Connecticut Charts Path To Increase Minimum Wage To $15

Fox Rothschild LLP

Fox Rothschild LLPJoining a trend sweeping the country, Connecticut lawmakers passed a bill that introduces a schedule to increase the minimum wage to $15 per hour by June 2023.

Gov. Ned Lamont signed the bill this morning, and employers should revise their policies and payment processes to accommodate the schedule of wage increases, including training wage increases.

Minimum Wage Increases

The current minimum wage in Connecticut is $10.10 per hour. Under the new law, the minimum wage will increase to $15 per hour over the next four years on the following effective dates:

  • October 1, 2019 – $11 per hour
  • September 1, 2020 – $12 per hour
  • August 1, 2021 – $13 per hour
  • July 1, 2022 – $14 per hour
  • June 1, 2023 – $15 per hour

Beginning on January 1, 2024, and every year thereafter, the minimum wage will be adjusted by the percentage change in the employment cost index, or its successor index, as calculated by the U.S. Department of Labor.

Employers in the hotel and restaurant industry are permitted to pay their employees less than the minimum wage and thus take a tip credit towards their minimum wage obligations  as long as the employee’s tips plus the cash wage paid is equal to or greater than the minimum wage. Currently, employers can pay a cash wage of $8.23 per hour to bartenders who customarily and regularly receive tips and a cash wage of $6.38 per hour to other hotel and restaurant staff who customarily and regularly receive tips. Though the minimum wage is scheduled to increase in stages over the next four years, the cash wage that employers in the hotel and restaurant industry can pay to their tipped staff is not being altered. Thus, such employers may continue to pay such tipped employees either $8.23 or $6.38 per hour provided that the employee's cash wages and gratuities are greater than or equal to the minimum wage.

In the event there are two consecutive quarters of negative growth in the state’s real gross domestic product, the state's Labor Commissioner is required to make a recommendation in writing to the governor regarding whether any scheduled increases in the minimum wage should be suspended. The governor may then submit his or her recommendations to the General Assembly.

Training Wage Increases

Currently, Connecticut law allows employers to pay learners, beginners and individuals under the age of 18 a rate of 85 percent of the minimum wage (known as the “training wage”) for the first 200 hours of their employment. Under the new law, the training wage is limited only to people under the age of 18 (except for emancipated minors). All employees 18 years of age or older, including beginners and learners, must be paid the full minimum wage. The new law requires the training wage to be 85 percent of the minimum wage or $10.10, whichever is greater, and can be paid to covered employees for the first 90 days, rather than 200 hours, of their employment.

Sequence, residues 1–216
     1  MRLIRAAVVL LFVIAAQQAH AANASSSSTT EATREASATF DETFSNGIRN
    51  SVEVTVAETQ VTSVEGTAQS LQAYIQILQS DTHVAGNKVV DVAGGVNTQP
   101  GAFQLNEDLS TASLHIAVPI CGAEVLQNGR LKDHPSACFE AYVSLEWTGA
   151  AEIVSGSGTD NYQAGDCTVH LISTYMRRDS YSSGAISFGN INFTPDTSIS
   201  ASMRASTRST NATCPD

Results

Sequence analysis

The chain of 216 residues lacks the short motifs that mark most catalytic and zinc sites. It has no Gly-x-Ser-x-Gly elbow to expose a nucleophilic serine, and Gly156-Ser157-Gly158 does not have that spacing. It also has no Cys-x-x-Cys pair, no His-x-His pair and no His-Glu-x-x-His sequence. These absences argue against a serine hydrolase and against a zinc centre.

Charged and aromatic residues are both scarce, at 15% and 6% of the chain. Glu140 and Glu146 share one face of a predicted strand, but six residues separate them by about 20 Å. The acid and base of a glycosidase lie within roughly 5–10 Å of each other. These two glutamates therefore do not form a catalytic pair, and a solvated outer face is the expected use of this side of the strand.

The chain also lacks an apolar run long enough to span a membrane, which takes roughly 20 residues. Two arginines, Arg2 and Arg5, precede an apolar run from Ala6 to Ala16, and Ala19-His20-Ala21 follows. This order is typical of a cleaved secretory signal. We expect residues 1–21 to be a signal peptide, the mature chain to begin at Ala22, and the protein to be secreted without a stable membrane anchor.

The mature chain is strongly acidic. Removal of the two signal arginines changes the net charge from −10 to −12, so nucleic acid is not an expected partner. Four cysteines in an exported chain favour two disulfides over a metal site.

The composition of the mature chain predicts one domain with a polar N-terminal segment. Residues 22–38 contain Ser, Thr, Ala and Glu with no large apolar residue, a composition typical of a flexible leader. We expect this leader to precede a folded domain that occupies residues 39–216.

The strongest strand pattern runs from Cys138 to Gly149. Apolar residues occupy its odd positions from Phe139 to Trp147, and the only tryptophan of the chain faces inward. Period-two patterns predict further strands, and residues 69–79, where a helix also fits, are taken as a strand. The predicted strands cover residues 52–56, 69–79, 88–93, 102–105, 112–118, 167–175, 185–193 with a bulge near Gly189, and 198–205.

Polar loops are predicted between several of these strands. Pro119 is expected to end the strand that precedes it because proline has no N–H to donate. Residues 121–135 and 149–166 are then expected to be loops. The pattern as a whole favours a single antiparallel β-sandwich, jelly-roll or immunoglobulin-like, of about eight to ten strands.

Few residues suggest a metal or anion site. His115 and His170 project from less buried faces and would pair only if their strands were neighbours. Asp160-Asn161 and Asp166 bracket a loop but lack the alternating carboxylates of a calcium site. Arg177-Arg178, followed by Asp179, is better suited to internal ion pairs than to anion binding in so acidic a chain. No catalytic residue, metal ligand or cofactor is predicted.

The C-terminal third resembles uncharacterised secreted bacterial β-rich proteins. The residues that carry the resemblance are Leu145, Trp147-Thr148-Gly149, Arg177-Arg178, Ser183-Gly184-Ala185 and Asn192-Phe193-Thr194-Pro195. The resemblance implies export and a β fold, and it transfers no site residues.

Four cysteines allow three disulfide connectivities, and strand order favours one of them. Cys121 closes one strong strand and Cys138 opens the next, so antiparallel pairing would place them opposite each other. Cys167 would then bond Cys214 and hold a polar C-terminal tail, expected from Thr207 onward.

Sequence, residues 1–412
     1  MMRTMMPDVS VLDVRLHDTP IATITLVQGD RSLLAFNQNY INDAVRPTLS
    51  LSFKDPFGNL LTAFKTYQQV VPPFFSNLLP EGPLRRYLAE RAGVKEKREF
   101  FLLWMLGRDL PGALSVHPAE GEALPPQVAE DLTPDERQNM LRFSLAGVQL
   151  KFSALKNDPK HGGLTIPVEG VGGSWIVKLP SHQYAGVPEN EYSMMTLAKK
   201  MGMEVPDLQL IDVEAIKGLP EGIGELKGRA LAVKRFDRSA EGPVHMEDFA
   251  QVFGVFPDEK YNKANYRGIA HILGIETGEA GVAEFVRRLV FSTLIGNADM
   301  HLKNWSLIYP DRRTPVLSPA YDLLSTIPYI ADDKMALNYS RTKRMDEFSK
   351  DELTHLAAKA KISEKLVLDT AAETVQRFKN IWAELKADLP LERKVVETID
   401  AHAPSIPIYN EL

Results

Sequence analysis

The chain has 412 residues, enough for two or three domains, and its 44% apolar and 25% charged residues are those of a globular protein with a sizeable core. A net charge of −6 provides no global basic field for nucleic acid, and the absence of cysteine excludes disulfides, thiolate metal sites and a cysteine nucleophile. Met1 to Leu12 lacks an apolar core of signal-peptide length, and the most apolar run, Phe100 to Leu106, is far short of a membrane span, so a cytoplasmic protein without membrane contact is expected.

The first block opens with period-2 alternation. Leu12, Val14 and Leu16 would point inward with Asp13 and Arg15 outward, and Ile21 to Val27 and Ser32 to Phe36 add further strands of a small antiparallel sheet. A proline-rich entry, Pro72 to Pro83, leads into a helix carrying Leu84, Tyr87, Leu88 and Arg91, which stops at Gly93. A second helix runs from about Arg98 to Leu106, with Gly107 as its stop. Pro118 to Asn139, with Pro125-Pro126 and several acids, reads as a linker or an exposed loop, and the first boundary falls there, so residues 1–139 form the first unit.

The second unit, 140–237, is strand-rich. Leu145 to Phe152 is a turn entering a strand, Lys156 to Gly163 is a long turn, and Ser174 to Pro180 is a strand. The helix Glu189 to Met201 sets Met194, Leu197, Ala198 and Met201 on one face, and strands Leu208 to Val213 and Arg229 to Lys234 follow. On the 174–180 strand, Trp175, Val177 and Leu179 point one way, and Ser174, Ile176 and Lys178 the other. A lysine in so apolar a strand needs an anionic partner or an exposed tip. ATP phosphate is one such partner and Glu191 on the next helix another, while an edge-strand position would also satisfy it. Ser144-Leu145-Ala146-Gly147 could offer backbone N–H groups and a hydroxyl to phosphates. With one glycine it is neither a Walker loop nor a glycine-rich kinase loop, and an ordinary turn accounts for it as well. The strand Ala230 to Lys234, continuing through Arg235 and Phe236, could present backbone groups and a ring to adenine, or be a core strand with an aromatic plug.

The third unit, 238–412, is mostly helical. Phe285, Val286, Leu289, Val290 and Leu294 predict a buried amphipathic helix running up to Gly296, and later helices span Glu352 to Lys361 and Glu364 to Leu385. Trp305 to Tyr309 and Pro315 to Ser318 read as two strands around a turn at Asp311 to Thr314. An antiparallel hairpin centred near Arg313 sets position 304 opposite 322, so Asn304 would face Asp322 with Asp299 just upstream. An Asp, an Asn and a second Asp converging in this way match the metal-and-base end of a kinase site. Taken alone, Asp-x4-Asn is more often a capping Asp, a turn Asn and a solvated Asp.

Due to the increases in the minimum wage through June 1, 2023, the training wage will also increase on the following effective dates:

  • October 1, 2019 – $10.10 per hour
  • September 1, 2020 – $10.20 per hour
  • August 1, 2021 – $11.05 per hour
  • July 1, 2022 – $11.90 per hour
  • June 1, 2023 – $12.75 per hour

On or after October 1, 2020, employers are prohibited from taking any action “to displace an employee, including, but not limited to, a partial displacement of an employee, such as reducing the employee’s hours, wages or employment benefits, for purposes of hiring persons under the age of eighteen years at a rate below the minimum fair wage.” If the Labor Commissioner determines that an employer violated this provision of the law, the employer’s right to pay the reduced rate for covered employees will be suspended for a period of time. Employers may not take a tip credit if they are paying the employee a training wage.

Employers should address these upcoming changes to the law immediately to ensure that all policies and payment procedures will be in place by the date the law goes into effect.

[View source.]

DISCLAIMER: Because of the generality of this update, the information provided herein may not be applicable in all situations and should not be acted upon without specific legal advice based on particular situations.

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